About six weeks ago, I couldn’t stop thinking about the scenarios that we as a company might be navigating later in the year and in the coming years. Back then (which seems like forever ago), we were in the midst of more immediate reactions to the current pandemic, but over the last few weeks, we have had a chance to start pulling scenario planning into our regular strategic planning sessions, and it has been empowering.

I thought I’d share what we have been doing in case it is helpful to others wanting to undertake similar efforts. I also wrote a recent blog on why I think scenario planning is useful right now if you want a primer before reading about our specific experience with it.

Step 0: We Got Our House in Order

At Thought Ensemble, like at most companies, our initial response to Covid-19 centered primarily around business continuity planning and risk mitigation. For us, this was largely about getting all of our people supported while working fully remotely. We postponed several investments intended to drive significant growth in 2020 and agreed to slow down our plan to aggressively hire until we had more visibility into what’s ahead. We also dove into the CARES act and FFCRA and took actions as needed.

Meanwhile, our leadership team held internal account planning sessions for each of our clients. We looked individually at how they had been impacted and how we expected them to be impacted going forward. We agreed to what we needed to do to continue to support them through their existing challenges, as well as what we could do to help them through their new ones.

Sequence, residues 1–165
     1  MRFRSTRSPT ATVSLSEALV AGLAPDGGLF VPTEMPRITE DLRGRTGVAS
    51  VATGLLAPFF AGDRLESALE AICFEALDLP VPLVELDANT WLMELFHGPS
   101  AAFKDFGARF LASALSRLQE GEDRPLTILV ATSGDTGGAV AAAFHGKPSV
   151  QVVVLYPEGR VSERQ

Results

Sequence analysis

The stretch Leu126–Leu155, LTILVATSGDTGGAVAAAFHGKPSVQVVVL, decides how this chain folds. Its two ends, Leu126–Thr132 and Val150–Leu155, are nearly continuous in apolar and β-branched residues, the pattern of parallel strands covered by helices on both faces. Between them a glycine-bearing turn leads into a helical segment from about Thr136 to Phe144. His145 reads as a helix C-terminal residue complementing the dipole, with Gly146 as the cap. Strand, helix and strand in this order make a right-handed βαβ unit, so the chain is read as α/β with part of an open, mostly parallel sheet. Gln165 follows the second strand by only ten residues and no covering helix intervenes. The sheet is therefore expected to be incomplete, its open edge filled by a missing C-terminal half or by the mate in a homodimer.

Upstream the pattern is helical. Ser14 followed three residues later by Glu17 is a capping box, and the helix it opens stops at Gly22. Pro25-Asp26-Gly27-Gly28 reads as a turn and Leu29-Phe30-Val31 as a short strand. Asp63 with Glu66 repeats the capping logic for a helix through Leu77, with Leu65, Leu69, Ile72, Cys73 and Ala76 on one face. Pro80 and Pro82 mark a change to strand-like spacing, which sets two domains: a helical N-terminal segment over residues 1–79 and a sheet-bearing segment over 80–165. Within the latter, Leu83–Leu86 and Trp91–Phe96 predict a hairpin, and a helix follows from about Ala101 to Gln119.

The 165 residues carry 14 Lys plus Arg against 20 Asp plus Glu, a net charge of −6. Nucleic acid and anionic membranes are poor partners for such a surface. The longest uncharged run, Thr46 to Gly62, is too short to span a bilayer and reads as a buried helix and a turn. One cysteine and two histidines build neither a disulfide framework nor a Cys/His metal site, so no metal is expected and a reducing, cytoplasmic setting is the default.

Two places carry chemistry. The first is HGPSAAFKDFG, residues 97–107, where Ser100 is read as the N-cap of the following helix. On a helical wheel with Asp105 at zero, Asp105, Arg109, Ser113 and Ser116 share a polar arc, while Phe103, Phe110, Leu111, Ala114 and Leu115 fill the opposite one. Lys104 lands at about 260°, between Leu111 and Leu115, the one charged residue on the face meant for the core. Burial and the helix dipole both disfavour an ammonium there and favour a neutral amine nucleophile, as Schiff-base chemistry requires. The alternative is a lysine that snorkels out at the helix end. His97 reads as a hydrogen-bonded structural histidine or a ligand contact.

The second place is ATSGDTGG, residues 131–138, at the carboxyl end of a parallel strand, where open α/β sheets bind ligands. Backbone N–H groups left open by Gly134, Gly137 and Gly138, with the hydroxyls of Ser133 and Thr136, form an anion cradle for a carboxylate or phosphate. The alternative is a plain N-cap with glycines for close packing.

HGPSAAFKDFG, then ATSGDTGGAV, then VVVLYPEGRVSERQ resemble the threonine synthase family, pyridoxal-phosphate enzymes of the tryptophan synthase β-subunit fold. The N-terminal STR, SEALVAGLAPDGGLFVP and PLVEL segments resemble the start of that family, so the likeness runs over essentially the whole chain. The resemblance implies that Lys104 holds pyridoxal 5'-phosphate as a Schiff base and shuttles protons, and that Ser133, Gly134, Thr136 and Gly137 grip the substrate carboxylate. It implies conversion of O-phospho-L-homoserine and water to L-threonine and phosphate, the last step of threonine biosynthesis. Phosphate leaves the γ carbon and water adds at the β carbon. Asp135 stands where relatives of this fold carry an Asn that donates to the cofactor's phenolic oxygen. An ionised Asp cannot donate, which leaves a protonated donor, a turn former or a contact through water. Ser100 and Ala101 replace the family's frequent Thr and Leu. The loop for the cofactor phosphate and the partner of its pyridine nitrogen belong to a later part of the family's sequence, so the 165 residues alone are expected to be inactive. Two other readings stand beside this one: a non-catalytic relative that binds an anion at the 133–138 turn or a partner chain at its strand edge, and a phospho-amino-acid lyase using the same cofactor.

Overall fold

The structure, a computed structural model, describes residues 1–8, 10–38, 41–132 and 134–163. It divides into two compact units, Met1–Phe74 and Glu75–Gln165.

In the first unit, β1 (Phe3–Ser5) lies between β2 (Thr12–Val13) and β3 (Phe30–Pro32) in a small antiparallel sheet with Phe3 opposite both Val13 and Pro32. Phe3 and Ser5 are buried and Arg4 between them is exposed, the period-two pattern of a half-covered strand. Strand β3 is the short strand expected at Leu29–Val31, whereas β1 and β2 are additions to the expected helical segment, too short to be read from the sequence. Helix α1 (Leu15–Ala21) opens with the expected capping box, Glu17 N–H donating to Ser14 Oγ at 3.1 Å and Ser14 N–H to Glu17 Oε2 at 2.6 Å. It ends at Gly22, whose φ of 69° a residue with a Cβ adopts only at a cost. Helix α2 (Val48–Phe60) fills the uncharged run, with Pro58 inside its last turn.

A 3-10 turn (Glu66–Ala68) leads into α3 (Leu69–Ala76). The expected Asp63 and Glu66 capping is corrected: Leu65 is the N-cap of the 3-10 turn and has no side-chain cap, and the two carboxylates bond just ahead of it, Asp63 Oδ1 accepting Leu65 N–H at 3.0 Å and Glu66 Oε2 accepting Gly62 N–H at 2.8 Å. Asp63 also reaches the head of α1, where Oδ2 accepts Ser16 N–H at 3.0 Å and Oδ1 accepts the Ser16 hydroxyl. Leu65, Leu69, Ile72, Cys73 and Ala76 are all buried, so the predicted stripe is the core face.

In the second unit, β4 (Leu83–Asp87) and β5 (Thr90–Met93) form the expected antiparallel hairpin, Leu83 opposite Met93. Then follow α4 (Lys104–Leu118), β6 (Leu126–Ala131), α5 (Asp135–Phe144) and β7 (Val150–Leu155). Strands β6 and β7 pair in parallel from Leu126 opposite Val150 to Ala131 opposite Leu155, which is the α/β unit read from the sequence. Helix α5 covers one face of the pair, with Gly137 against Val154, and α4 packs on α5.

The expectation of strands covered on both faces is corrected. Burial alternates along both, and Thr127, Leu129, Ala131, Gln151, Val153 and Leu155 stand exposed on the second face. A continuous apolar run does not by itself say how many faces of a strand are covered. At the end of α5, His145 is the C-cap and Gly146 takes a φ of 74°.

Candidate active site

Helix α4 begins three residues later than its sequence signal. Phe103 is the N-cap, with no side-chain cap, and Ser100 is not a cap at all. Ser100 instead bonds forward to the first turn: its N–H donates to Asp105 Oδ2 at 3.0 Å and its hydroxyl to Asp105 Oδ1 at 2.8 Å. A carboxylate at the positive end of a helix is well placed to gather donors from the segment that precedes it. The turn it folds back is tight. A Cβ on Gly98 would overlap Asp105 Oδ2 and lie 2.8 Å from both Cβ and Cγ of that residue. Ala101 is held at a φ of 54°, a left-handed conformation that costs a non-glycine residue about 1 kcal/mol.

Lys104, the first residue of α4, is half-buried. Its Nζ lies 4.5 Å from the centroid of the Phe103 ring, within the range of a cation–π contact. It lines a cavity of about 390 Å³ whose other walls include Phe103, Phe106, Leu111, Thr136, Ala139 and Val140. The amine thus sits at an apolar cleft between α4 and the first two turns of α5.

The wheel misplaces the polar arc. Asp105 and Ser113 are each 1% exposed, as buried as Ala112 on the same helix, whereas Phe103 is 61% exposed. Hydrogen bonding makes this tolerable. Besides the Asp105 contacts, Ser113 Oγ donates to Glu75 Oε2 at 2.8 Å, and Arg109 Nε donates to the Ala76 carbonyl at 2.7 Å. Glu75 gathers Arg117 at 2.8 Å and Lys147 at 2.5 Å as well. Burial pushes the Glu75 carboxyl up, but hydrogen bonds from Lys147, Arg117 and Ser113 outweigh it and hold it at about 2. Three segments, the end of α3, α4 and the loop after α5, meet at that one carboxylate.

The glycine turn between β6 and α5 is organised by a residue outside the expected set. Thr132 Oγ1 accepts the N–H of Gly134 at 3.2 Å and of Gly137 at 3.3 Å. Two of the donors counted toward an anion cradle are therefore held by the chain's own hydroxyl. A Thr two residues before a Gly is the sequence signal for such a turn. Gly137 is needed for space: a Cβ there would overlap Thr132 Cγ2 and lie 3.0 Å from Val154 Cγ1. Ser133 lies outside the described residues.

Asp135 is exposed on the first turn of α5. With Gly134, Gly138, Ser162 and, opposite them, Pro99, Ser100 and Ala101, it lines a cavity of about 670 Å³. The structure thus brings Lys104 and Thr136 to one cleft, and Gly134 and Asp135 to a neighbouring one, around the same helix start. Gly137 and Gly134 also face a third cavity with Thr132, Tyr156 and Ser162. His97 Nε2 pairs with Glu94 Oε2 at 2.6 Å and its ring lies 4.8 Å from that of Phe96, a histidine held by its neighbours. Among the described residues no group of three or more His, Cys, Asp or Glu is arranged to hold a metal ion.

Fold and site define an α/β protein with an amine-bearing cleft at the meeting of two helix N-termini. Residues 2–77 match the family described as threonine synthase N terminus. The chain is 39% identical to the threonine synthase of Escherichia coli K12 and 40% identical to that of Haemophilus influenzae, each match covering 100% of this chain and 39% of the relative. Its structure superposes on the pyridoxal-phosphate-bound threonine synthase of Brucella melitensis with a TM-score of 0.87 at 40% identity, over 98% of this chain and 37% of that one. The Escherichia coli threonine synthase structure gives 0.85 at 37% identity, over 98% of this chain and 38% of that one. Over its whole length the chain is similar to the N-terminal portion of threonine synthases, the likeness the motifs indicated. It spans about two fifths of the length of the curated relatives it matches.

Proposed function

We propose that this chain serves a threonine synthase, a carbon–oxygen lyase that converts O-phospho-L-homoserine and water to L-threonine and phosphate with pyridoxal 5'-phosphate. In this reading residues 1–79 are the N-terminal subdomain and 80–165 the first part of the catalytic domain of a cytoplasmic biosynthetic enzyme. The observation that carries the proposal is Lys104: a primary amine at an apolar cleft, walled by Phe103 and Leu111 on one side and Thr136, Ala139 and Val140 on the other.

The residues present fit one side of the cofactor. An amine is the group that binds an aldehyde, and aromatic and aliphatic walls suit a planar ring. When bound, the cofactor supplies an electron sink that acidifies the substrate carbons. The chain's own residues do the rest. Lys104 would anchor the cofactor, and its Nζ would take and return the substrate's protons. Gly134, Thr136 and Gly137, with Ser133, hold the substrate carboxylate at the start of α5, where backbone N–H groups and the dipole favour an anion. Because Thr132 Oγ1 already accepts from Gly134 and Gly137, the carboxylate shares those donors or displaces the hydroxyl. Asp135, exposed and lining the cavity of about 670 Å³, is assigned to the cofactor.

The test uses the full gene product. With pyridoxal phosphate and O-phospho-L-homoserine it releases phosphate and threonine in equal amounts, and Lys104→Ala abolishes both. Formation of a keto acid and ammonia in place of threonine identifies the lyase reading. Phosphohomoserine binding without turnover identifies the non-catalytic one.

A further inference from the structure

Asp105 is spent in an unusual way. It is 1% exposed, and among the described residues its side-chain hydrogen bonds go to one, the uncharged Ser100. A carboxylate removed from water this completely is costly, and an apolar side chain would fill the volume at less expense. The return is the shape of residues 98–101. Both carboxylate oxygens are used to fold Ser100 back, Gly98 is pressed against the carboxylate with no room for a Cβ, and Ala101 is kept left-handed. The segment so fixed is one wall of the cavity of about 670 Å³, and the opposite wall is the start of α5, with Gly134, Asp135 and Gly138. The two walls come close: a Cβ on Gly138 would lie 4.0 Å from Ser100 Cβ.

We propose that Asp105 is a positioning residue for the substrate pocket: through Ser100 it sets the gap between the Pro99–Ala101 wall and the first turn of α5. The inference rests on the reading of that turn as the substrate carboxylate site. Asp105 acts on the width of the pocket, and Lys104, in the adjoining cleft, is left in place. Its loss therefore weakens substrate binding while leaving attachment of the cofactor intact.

Only then were we ready to move into the more strategic conversations around scenario planning. In some ways, having the time and space to think strategically felt like a bit of a luxury as we saw some businesses shutting down or laying off large numbers of employees. But we knew we needed to start thinking bigger in order to not only weather the crisis but to emerge from it stronger.

Step 1: A Small Group Defined the Scenarios

To begin, a small group of us determined the scenarios (alternative futures) we thought were most useful to discuss. We agreed we had two key uncertainties that would most impact our business: (1) the severity of the pandemic and (2) the corresponding economic reaction.

We turned these uncertainties into a 2×2 matrix with four scenarios and then thought about each of the scenarios created by the extremes. While we haven’t lived through a pandemic before, we did start our company in the midst of a recession, so we were able to bring some experience into our thinking. Using some external research (here’s my favorite, which I also mentioned in my last blog) as well as our own analysis, we developed short overviews of each of the four scenarios.

Here’s our high-level picture. I won’t go through all the details here, but I’m happy to share more if you reach out to me. One note: the ambiguity on the y-axis, the economic axis, still exists, but as time passes, it is moving to the more extreme end. We updated this axis once before our session and discussed it again during the session, but the scenarios still worked.

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Step 2: A Big Group Brainstormed on the Implications of the Scenarios

Once we got the basic scenarios outlined, we pulled together a strategic planning session with a broader group. We wanted to bring more ideas and perspectives into the conversation, so we invited all of our Managers and Senior Managers, in addition to our Principals and Partners, to participate. Of course, we were doing this virtually, so we used a virtual brainstorming tool called Mentimeter to support the conversation. For each of the scenarios, we first presented the overview of the scenario and then we asked a few questions:

  1.   How will our clients and prospects be impacted?
  2.   Which of our current capabilities and services could we offer to help?
  3.   What new capabilities and services would we want to be able to offer?